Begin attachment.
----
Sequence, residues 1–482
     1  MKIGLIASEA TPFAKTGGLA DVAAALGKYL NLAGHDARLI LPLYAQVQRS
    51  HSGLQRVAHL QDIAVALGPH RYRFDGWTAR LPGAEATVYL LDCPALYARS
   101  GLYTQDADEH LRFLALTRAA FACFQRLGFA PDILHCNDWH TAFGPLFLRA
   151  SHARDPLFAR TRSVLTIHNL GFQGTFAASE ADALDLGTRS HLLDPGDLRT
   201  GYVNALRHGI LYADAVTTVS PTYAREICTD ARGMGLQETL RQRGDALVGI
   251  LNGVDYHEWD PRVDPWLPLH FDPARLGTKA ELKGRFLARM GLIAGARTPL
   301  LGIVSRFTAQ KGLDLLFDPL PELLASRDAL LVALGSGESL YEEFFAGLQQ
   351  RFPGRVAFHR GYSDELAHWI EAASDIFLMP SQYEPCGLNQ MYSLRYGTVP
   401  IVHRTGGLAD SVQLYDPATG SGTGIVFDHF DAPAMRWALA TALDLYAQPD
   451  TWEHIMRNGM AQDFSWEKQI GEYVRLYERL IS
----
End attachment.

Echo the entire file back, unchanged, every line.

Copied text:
Sequence, residues 1–482
     1  MKIGLIASEA TPFAKTGGLA DVAAALGKYL NLAGHDARLI LPLYAQVQRS
    51  HSGLQRVAHL QDIAVALGPH RYRFDGWTAR LPGAEATVYL LDCPALYARS
   101  GLYTQDADEH LRFLALTRAA FACFQRLGFA PDILHCNDWH TAFGPLFLRA
   151  SHARDPLFAR TRSVLTIHNL GFQGTFAASE ADALDLGTRS HLLDPGDLRT
   201  GYVNALRHGI LYADAVTTVS PTYAREICTD ARGMGLQETL RQRGDALVGI
   251  LNGVDYHEWD PRVDPWLPLH FDPARLGTKA ELKGRFLARM GLIAGARTPL
   301  LGIVSRFTAQ KGLDLLFDPL PELLASRDAL LVALGSGESL YEEFFAGLQQ
   351  RFPGRVAFHR GYSDELAHWI EAASDIFLMP SQYEPCGLNQ MYSLRYGTVP
   401  IVHRTGGLAD SVQLYDPATG SGTGIVFDHF DAPAMRWALA TALDLYAQPD
   451  TWEHIMRNGM AQDFSWEKQI GEYVRLYERL IS